Cleveland Exploring City-Wide Paid Safe Leave Policy for Domestic Violence Victims

Cleveland Exploring City-Wide Paid Safe Leave Policy for Domestic Violence Victims
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Cleveland city councilmember Matt Zone Monday evening introduced a resolution to form a working group to study domestic violence concerns and the feasibility of a safe leave policy in the city. The group will work with community partners to examine the ways that the city government, as well as private employers, can ensure that survivors of domestic violence have the capacity to heal, find shelter, and remain safe without the threat of losing their income and employment.

According to the Cleveland-based Domestic Violence and Child Advocacy Center (DV/CAC), domestic violence-related concerns result in the loss of eight million days of work in the United States each year. Worse, up to sixty percent of domestic violence victims lose their jobs because of the disruptive nature of domestic violence.

Melissa Graves, the CEO at the DV/CAC, can easily recount several instances in which the workplace can become a barrier for a survivor’s recovery. Individuals might miss work in order to seek medical attention, relocate to a new home or shelter, or to rearrange their financial situation. However, beyond these already significant burdens, Graves told Scene that survivors may need time off to ensure their child’s safety and to access legal protections. They may even need to stay away from their job out of fear that the abuser will visit that location.

Yet, the federal government does not provide protections to ensure that domestic violence survivors can retain their jobs while taking the time they need to recover. Instead, states and individual cities must endeavor to create and implement policies that help protect these individuals and their loved ones.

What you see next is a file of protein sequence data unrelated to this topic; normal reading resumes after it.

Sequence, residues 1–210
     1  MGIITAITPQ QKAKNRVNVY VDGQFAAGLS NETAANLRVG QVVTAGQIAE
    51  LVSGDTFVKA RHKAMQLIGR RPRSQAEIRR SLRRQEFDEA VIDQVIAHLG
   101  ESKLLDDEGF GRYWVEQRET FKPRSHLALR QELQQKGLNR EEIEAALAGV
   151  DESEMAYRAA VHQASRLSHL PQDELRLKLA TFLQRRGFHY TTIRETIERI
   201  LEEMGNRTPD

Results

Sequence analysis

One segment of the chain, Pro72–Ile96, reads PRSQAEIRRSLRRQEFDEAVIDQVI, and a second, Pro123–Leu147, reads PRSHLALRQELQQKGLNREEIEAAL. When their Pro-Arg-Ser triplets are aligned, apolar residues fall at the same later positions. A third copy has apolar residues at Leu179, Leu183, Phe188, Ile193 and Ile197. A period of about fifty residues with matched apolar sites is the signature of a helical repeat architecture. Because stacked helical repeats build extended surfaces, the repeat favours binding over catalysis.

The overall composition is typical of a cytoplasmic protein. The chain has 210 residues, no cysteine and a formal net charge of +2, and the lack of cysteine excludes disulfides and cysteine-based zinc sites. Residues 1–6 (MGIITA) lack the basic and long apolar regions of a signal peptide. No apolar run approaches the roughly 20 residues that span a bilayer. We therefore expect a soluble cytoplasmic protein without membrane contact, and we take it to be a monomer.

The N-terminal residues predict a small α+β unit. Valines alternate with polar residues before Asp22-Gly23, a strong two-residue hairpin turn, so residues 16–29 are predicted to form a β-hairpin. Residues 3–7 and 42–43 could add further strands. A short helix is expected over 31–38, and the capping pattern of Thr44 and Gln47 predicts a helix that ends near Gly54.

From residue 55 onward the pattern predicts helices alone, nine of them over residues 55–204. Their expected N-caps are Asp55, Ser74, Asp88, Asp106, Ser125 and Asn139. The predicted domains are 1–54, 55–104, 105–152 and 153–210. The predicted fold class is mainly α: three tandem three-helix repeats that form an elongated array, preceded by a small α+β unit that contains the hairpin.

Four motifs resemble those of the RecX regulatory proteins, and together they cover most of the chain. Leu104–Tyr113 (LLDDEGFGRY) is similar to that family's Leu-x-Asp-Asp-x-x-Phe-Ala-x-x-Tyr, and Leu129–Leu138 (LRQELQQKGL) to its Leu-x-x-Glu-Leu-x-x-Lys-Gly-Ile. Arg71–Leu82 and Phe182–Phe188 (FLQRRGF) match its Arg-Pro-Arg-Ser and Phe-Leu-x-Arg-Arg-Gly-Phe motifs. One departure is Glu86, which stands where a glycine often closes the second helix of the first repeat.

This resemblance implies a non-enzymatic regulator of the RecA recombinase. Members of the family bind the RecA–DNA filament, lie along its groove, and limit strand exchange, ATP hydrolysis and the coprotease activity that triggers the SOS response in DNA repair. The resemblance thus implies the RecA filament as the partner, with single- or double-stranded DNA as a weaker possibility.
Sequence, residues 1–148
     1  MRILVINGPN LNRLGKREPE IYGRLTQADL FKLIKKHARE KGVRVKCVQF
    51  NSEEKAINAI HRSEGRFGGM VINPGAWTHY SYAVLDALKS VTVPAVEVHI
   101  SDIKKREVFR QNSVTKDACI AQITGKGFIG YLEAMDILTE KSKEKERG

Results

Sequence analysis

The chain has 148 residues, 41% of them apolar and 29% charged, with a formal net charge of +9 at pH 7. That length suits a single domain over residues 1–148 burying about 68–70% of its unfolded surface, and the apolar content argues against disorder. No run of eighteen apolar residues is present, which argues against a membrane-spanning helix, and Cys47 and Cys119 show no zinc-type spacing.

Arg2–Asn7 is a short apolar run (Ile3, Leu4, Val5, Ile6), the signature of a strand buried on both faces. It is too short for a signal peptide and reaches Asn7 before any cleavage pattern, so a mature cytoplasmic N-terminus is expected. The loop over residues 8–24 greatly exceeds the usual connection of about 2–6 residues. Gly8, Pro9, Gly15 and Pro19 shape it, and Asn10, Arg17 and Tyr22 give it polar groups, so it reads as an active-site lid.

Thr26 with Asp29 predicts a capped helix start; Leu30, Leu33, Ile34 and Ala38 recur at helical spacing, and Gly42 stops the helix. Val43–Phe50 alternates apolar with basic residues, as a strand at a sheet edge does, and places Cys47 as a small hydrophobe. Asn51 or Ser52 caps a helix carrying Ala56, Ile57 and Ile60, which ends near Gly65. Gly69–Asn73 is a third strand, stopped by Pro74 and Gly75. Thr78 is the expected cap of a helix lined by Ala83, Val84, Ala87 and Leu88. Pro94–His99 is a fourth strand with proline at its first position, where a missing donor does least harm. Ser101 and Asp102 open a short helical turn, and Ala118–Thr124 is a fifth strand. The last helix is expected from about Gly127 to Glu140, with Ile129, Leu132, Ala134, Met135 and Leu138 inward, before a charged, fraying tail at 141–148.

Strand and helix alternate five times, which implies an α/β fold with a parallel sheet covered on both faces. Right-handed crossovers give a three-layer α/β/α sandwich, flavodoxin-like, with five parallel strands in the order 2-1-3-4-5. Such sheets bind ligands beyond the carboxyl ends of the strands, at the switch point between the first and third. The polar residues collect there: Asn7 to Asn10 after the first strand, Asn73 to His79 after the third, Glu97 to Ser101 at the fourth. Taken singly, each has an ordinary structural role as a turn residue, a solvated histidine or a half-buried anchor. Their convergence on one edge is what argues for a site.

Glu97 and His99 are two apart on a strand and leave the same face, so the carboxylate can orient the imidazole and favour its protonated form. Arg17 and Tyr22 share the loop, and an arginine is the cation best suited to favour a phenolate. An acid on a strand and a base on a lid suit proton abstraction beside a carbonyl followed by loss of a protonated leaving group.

For Zone, this effort is deeply rooted in his prior experiences. As a personal bailiff in the domestic relations court, Zone assisted hundreds of survivors in their efforts to navigate the legal system. “I saw how barriers to having safe protection often impeded the ability of the judiciary from ensuring that there was safe protection for all individuals,” Zone told Scene.

However, while Zone’s history connected him to the issue decades ago, it was a grassroots group that provided the catalyst for this current effort. Several students at the Cleveland Marshall College of Law spent their summer researching local policy issues as a core component of a graduate course. A few students in the class decided to take on the issue of safe leave. After reviewing data that highlighted the need for greater employment protections for survivors of domestic violence, the students were dedicated to producing legislation to resolve this issue.

In a conversation with Scene, Lucia Lopez-Hisijos, one of the students involved in the project, explained that she first learned about an unpaid safe leave policy and believed it was a valiant effort the city should take on. While it would secure employment for people who took time off, it did not resolve the income concerns of survivors.